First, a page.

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Alumni in the News

Brett Balduf Named Principal

Congratulations to Brett Balduf (MSW 2000). The Park Ridge-Niles District 64 school board approved his appointment as principal of Carpenter Elementary School in Park Ridge effective July 1. Balduf's most recent appointment is as assistant principal at Indian Grove Elementary School in River Trails School District 26. While with the district, Balduf facilitated all special services programming for students and served as pre-school coordinator for its Early Childhood Program. He also utilized technology to help build an effective response to intervention program at the school. He previously served as a social worker for District 26 and as a case manager and family educator for Maryville Academy in Des Plaines.

2012 Pioneer Award Recipient Dian Powell

The Jane Addams College of Social Work Pioneer Award was established to recognize alumni who have made significant, pioneering, or standout contributions to a community, state, or nation consistent with the mission of the college. The 2012 award recipient is Dian M. Powell (MSW '85),who serves as president and chief executive officer of Roseland Community Hospital (RCH) in Chicago.

Ms. Powell was recognized for her sustained and vital contributions to the health and well-being of the Roseland community of Chicago, including the significant role she played in advocating for the newly designated "Roseland Medical District," the state of Illinois' fourth medical district. This enables health care advocates to develop new medical research and treatment facilities for a historically disenfranchised community.

Ms. Powell is a 38-year resident of Chicago's far south side. She is the former executive director (retired) of the Calumet Center of Metropolitan Family Services. During her leadership, a multi-million dollar facility was built to provide increased service to families and individuals in the greater Roseland community.

Ms. Powell's awards and honors include the prestigious Kizzy Award, the Distinguished Social Worker Award, the YMCA Outstanding Community Leadership Award, the Illinois Department of Children and Family Services Chairman's Award and a Black Women's Expo Phenomenal Woman Award.

Ms. Powell is active in a variety of professional and civic organizations and serves on several boards. She currently chairs the Board of Trustees of New Life Christian Ministries of Greater Chicago and the Board of Directors of Dorothy Sutton Branch Head Start. She formerly chaired the Board of Directors at Roseland Community Hospital and the Illinois African-American Family Commission's Legislative Committee. She served as president of the National Association of Black Social Workers-Chicago Chapter for three terms.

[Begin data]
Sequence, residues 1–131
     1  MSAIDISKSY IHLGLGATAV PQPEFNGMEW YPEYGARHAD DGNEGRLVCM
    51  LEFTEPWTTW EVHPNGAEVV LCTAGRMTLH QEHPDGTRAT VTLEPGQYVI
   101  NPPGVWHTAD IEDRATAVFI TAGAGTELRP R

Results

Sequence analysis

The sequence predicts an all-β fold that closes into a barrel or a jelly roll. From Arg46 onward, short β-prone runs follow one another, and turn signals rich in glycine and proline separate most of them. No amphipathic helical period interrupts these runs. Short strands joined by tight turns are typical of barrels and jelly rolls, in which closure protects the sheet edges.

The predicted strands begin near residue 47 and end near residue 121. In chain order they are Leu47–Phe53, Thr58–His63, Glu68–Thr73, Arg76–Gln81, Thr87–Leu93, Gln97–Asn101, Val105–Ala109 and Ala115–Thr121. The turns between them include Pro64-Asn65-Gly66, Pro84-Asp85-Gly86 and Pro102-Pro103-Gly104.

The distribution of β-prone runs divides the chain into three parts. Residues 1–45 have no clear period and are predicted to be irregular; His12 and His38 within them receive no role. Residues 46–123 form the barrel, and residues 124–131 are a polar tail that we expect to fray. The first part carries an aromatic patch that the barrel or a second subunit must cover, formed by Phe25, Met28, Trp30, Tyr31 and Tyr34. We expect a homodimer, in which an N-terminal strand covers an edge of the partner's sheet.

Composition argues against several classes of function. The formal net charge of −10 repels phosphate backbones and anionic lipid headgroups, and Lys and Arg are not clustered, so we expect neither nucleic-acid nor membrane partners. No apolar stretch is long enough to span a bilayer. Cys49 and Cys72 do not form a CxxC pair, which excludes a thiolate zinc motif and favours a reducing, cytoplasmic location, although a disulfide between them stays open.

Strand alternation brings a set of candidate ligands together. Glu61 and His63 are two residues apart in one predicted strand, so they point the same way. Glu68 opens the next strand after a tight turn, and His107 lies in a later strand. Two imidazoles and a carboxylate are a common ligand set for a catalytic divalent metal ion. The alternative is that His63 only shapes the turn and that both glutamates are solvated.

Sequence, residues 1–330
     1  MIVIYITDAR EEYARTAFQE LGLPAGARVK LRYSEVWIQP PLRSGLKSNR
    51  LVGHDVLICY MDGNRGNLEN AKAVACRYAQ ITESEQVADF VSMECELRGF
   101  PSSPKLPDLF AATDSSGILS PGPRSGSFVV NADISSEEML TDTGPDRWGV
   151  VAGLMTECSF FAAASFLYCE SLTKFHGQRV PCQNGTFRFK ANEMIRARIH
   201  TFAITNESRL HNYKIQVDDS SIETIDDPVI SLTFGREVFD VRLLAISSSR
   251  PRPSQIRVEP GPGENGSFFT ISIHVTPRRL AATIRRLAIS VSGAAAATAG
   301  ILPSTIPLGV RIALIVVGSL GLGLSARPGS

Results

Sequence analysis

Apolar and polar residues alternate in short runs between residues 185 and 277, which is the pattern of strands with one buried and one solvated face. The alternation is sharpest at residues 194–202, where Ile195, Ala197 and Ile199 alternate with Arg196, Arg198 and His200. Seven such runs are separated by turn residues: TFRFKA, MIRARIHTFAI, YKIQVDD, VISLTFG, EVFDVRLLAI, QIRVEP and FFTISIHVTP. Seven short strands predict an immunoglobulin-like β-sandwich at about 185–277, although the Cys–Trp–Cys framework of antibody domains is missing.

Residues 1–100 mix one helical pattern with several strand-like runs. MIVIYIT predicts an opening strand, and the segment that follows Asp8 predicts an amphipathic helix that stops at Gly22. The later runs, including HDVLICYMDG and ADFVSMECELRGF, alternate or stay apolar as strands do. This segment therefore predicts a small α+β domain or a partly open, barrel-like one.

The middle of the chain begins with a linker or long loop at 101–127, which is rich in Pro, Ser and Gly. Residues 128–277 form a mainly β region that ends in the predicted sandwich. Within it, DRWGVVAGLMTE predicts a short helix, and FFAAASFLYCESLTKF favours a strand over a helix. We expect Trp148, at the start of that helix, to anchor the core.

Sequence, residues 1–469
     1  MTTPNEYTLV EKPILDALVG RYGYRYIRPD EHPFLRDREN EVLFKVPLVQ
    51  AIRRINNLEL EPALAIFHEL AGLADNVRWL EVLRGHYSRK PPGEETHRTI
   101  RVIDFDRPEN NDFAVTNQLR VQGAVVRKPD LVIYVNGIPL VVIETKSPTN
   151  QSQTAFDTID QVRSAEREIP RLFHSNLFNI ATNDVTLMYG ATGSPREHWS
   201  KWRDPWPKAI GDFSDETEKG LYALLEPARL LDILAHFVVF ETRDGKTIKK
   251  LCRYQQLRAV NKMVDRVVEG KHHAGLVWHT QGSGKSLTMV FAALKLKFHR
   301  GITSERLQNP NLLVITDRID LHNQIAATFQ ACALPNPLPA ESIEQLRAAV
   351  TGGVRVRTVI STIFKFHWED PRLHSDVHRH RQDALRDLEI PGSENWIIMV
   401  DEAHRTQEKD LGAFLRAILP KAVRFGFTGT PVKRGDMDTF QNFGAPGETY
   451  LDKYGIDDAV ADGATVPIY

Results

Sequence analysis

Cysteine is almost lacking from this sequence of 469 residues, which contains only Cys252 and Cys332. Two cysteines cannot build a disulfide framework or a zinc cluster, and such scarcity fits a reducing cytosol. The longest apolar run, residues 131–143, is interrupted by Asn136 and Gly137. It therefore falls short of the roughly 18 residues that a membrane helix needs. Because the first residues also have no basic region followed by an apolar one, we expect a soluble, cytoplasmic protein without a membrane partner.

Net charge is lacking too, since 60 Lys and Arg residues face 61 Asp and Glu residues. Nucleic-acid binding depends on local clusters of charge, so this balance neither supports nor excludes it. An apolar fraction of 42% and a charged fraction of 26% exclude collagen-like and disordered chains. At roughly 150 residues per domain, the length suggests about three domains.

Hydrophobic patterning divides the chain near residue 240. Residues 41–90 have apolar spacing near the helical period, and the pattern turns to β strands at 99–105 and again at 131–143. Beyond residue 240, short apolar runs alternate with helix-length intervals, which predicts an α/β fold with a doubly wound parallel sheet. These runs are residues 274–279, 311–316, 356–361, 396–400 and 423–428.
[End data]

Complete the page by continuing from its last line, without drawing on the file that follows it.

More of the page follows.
Ms. Powell earned her Bachelor of Arts and Master of Social Work degrees from Roosevelt University and the Jane Addams College of Social Work, respectively. She is a State of Illinois Licensed Clinical Social Worker.

2011 Pioneer Award Recipient James H. Williams


The 2011 Pioneer Award recipient was James H. Williams, MSW '93, PhD '03. Dr. Williams was recognized for his outstanding commitment to the mentally ill in the criminal justice system, and for his overall sustained leadership and commitment to social justice and social reform.

Williams, a native of Louisville, KY, worked as a labor and community organizer after obtaining his BA in Political Science from University of Louisville. He became a steelworker at the US Steel South Works plant in Chicago, and helped to organize a food bank and other social services when the mill closed. He later became a substance abuse counselor at Martha Washington Hospital in Chicago.

In 1990, Dr. Williams entered the MSW program at the Jane Addams College of Social Work while working as a supervisor in the Cook County Pretrial Services Department. Upon licensure, he became supervisor of the Cook County Adult Probation Mental Health Unit. In his role as supervisor, Dr. Williams advocated for increased funding from the state, and eventually achieved Medicaid Certification for the unit, allowing reimbursement from the state for mental health services provided to the clients.

After receiving a PhD from the Jane Addams College of Social Work, Dr. Williams moved to Savannah, Georgia to teach at Savannah State University. While there, he worked with the court system and the National Alliance on Mental Illness (NAMI) to establish a Mental Health Court in Chatham County, Georgia. Mental Health Court aims to reduce recidivism for criminal activity and psychiatric hospitalization of individuals with mental illness who are involved in the criminal justice system. Mental health court brings together the necessary resources to meet the complex needs these individuals bring to the criminal justice system.